Following the 2012-2013 OHL season, Philadelphia Flyers fans were buzzing about Nick Cousins. The 3rd round draft pick in 2011 had earned 103 points in 64 games for the Sault Ste. Marie Greyhounds. He was the third highest scoring player in the league and there were whispers about him potential stealing an NHL roster spot.
Well, that did not happen. He spent the entire 2013-2014 season with the Adirondack Phantoms. His 29 points (11G, 18A) through 74 games were a letdown to say the least. However, as I detailed here, there was reason to be hopeful.
There were a myriad of factors working against Cousins last season. He was an undersized player adjusting to a physical league, while his skill set and style of play contrasted dramatically with the system of head coach Terry Murray. However, he put together a late season surge in points (15pts in final 23 games) that bred hope for the current season.
By the time Cousins put together this late season run, Flyers fans had already counted him out. They were more concerned with the big clubs early season struggles and playoff push. In terms of prospects, Nick Cousins was put on the back burner while shiny new toys like Shayne Gostisbehere, Scott Laughton, Robert Hagg, and Samuel Morin were given plenty of attention. Those players, not Cousins, are now viewed as the future of the franchise.
So far this year, Cousins has demanded attention. He leads the Lehigh Valley Phantoms in points and is a top 10 scorer in the AHL. He has earned 10 points (3G, 7A) through only 8 games. If we includeg the final 23 games of last season, he has earned 25 points (9G, 16A) in his last 31 AHL games.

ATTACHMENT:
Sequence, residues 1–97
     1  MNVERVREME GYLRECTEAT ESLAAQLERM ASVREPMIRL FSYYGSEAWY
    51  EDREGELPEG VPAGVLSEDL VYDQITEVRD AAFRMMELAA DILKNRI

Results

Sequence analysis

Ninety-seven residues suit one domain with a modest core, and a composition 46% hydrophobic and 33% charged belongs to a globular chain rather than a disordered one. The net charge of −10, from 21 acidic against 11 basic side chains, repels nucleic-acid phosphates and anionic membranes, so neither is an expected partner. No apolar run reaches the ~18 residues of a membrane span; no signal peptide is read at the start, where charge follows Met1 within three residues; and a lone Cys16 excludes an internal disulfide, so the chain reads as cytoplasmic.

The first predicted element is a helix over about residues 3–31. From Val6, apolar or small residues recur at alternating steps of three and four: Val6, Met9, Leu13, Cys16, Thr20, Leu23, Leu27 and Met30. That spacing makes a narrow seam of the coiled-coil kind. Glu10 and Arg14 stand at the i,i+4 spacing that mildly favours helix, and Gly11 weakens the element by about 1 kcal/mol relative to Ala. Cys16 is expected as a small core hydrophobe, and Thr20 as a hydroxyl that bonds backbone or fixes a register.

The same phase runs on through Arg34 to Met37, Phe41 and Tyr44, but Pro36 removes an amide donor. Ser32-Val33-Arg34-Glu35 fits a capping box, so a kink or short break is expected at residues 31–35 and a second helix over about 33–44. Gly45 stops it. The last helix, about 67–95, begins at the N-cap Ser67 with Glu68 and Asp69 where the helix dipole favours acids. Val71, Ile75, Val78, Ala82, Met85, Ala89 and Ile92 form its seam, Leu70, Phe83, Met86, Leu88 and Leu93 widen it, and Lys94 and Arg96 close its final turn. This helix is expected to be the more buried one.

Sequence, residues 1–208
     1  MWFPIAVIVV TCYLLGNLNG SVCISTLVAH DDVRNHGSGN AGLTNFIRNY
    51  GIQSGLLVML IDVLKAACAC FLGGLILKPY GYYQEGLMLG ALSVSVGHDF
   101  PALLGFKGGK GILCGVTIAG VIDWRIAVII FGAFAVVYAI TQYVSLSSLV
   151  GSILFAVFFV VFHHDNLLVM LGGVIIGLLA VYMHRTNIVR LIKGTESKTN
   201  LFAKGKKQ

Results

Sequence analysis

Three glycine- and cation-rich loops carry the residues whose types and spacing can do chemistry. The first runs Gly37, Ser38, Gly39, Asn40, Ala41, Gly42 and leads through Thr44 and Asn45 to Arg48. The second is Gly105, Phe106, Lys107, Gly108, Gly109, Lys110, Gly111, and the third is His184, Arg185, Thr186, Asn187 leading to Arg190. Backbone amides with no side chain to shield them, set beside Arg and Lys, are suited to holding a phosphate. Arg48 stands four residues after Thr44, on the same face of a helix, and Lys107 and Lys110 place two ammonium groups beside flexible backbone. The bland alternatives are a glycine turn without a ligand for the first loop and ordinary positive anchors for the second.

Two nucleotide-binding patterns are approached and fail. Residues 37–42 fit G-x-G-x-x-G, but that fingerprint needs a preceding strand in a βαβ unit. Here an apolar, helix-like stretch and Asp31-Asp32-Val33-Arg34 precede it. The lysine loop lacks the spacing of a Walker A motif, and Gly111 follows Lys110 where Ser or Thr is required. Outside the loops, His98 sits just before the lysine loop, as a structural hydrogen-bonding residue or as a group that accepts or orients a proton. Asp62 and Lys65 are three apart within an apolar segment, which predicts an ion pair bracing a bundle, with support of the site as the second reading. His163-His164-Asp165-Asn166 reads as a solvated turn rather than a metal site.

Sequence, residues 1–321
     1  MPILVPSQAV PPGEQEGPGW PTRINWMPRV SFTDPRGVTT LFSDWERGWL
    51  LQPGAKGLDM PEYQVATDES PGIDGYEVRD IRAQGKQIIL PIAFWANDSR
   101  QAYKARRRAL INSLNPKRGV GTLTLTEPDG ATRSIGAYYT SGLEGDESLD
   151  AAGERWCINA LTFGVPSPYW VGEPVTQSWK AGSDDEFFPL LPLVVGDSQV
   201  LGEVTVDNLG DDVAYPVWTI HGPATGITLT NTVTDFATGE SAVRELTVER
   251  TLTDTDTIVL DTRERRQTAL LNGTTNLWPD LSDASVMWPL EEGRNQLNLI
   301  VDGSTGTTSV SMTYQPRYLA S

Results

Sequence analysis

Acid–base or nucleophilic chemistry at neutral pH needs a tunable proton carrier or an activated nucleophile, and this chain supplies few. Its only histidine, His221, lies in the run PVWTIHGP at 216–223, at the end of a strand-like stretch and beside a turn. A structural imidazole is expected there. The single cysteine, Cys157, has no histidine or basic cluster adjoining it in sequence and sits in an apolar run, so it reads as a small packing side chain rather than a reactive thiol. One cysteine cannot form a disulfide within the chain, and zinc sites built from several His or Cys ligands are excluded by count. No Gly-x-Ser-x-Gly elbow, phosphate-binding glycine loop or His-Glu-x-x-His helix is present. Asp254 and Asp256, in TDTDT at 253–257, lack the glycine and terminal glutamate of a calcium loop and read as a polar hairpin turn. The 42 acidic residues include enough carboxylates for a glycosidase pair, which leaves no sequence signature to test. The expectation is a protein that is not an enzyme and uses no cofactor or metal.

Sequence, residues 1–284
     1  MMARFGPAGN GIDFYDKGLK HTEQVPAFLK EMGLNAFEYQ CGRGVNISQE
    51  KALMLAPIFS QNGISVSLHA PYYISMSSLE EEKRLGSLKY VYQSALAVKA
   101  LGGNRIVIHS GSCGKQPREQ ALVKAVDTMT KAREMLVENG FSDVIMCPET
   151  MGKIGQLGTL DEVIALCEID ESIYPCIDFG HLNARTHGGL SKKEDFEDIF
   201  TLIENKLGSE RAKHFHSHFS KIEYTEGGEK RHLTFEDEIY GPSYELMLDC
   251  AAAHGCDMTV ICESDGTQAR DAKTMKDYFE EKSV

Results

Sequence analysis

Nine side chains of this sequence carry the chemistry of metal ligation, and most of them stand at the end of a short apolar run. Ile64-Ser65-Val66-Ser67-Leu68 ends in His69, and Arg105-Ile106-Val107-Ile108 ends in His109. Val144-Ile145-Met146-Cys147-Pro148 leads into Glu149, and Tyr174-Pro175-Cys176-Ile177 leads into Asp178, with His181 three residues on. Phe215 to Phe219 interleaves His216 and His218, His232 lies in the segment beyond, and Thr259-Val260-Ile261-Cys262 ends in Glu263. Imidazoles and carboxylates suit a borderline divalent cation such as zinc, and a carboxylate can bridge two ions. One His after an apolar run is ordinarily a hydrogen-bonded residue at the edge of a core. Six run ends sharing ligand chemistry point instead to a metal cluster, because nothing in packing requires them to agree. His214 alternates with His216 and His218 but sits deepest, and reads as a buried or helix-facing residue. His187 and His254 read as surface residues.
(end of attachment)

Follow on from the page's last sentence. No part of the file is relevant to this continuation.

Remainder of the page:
The mantra around the Philadelphia Flyers organization has been “patience, patience, patience” when it comes to their prospects. Part of that patience is realizing that prospects develop at different rates. In his blog yesterday, Bill Meltzer had this to say about prospect development:
"It would be nice if player development was always a steady upward arrow and there were never any stumbles or injuries. Unfortunately, that’s not the reality. Always keep the long-term in mind and remember: 1) The reason these players are prospects and not already NHL regulars is that they still need to gain experience, strength and greater consistency, 2) It is important for injured players not to be rushed back to the lineup too soon, and 3) every season has its ups and downs and even the very best players have some stretches where things don’t go their way. That’s the nature of hockey."
Meltzer was more specifically talking about defense prospects, but the same is true for Cousins. He may have some bad games this season and he has had quite a few growing pains both on and off the ice over the past few years. However, it appears that this forgotten prospect may be turning into that scrappy, offensively gifted center that he was projected to be at the 2011 draft.